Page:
Cuba has the most potential of any country in the world to flourish given the right vision, says Carlos Gutierrez, who was Commerce secretary under George W. Bush.» Read More
The main drivers for Asian markets this week will be data from Japan and China, Australia's budget and the results of India's general election.
China's foreign currency reserves has become a headache as its rise could stoke inflation in the long term, Premier Li Keqiang said on Sunday.
Singapore and Hong Kong are most likely to be burned by U.S. Federal Reserve rate hikes, according to international research house Capital Economics.
An economic recovery may be taking hold, but it hasn't translated into earnings at Singapore Airlines as supply outpaces demand, the carrier's CEO said.
China will not use any large-scale stimulus to boost its economy, its central bank chief was reported as saying on Saturday.
A subtle warning: investors should know that Alibaba founder Jack Ma might work against the company's best interests.
Alibaba's IPO marks both the end of the old Chinese Internet era and the beginning of the country's rise as a global leader in tech.
China's annual consumer inflation rose 1.8 percent in April, slower than March's 2.4 percent rise, data on Friday showed.
Raising Japan's female workforce participation won't just boost economic growth, it also offers significant investment potential, Goldman said.
Next week's federal budget in Australia is expected to be tough, yet analysts reckon the pain is unlikely to be as harsh as anticipated.
Geopolitical tensions in Asia have resurfaced, knocking Vietnam stocks down over 5 percent on Thursday.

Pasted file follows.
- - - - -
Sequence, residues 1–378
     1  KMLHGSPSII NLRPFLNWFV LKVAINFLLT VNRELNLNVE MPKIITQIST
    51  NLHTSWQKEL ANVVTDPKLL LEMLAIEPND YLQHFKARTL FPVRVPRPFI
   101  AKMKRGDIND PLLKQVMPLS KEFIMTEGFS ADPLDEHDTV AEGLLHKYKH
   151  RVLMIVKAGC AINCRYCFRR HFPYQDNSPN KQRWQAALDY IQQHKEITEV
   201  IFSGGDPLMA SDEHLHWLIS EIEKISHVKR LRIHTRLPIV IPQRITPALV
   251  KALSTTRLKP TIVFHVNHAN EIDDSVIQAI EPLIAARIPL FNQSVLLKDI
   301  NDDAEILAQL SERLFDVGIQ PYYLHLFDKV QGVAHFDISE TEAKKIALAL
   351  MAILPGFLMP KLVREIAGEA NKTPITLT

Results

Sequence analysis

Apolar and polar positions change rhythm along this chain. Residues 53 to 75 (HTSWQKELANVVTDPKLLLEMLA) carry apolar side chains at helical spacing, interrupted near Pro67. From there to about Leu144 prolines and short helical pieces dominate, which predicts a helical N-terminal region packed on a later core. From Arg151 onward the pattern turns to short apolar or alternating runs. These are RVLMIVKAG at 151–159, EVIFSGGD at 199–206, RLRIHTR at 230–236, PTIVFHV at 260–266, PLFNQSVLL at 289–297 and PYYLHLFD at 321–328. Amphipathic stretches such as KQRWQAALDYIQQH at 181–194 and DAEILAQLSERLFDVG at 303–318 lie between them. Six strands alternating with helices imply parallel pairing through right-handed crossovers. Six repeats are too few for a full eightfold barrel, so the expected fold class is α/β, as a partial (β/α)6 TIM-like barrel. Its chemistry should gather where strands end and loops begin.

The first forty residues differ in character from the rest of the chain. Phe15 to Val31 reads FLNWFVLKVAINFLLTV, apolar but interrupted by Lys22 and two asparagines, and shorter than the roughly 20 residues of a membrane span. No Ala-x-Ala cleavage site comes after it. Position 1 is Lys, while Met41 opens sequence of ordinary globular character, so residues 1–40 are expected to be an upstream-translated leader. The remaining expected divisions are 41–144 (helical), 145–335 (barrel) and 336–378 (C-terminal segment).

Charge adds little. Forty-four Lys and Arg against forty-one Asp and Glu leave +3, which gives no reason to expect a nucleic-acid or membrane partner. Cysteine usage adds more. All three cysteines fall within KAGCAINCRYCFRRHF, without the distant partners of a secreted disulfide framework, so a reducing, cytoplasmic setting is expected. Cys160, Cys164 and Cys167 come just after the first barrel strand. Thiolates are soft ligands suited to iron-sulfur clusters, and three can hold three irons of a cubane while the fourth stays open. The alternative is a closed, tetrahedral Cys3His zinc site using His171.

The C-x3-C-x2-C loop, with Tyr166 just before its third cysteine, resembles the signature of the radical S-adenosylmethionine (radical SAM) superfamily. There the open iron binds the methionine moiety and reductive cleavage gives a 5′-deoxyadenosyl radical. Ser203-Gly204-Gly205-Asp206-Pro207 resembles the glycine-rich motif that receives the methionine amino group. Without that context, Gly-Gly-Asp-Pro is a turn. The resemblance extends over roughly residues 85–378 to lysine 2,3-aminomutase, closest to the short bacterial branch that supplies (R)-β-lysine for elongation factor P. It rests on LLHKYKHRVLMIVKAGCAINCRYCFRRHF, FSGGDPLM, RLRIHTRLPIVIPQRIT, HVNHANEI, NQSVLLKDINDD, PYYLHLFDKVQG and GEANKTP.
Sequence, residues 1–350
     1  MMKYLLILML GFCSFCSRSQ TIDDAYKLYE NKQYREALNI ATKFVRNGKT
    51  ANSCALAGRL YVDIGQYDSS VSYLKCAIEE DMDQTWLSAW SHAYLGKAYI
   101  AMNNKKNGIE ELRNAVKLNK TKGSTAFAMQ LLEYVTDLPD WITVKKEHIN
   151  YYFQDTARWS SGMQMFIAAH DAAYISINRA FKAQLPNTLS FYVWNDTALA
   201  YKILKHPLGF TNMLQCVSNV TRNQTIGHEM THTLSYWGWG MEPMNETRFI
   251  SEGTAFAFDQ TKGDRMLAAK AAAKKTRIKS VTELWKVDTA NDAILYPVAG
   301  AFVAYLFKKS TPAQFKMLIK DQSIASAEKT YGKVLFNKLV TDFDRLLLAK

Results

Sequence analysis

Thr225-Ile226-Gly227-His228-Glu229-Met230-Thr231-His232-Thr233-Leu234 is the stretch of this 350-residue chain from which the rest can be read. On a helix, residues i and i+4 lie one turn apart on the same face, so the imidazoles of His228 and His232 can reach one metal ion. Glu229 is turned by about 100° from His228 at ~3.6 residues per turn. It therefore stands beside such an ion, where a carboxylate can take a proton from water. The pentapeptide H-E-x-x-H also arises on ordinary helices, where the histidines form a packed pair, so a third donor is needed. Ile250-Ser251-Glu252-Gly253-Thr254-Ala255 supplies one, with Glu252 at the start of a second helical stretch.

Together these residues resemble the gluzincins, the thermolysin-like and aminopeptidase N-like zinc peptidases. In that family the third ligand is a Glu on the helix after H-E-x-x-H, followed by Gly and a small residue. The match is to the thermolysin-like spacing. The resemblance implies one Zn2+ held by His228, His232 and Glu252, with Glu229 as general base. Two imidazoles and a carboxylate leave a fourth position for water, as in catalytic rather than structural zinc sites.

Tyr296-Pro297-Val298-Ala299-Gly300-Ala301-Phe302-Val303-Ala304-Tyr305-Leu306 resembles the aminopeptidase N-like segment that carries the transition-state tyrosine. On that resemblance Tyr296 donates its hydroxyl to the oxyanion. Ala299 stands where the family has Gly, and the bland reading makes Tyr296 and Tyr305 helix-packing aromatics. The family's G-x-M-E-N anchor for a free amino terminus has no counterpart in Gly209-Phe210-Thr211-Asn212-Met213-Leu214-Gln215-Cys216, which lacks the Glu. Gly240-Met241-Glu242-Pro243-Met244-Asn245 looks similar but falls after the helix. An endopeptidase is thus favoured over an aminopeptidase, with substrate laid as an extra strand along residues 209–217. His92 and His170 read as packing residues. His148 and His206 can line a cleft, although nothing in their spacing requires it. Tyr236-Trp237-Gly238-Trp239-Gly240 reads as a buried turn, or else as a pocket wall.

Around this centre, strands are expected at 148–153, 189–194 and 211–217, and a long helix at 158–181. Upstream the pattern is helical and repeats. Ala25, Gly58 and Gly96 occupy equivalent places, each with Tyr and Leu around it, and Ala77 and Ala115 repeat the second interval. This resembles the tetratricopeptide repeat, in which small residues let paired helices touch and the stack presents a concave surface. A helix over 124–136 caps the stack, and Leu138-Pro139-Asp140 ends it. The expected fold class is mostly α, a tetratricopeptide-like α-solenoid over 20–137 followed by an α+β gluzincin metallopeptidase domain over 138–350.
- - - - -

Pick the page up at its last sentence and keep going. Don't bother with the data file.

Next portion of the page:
Here's a timeline of recent developments highlighting friction in Asia over the South and East China Seas.
Japan's Toyota Motor forecast a 2.4 percent drop in net profit for the year to March 2015, below analyst estimates.
Malaysia's exports to China slipped in March, but trade ties won't face a long-term hit from the missing Malaysia Airlines flight, Malaysia's trade minister said.
Angry Chinese nationalists finally woke up on Wednesday to the fact that Japanese and American companies have owned over half of Alibaba for years.
South East Asian countries clinched the top four spots in an education index produced by UK-based education and publishing company Pearsons.
Alibaba has agreed to help Amazon.com rival ShopRunner sell to China and handle delivery within the country.
The sacking of Thai Prime Minister Yingluck Shinawatra could lead to more political unrest, prompting some to review their Thai growth forecasts.
China's exports and imports rose in April from the year-ago period, government data showed on Thursday, defying expectations for a dip on both figures.
Japanese stocks seem to have lost their luster, but according to global research house Capital Economics the Nikkei is set for a dramatic turnaround.
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Prinn Panitchpakdi, Thailand Country Head at CLSA, says Thai markets offer opportunities for long-term investors based on historical price-to-earnings and price-to-book valuations.
Sim Moh Siong, FX strategist at Bank of Singapore, expects the Fed to raise rates in September, which will help the U.S. dollar to resume its strength after a brief consolidation in this quarter.
Rob Subbaraman, chief economist, Asia ex-Japan at Nomura, says the Bank of Thailand is "overburdened" and more measures to help the economy must come from the fiscal policy and reforms.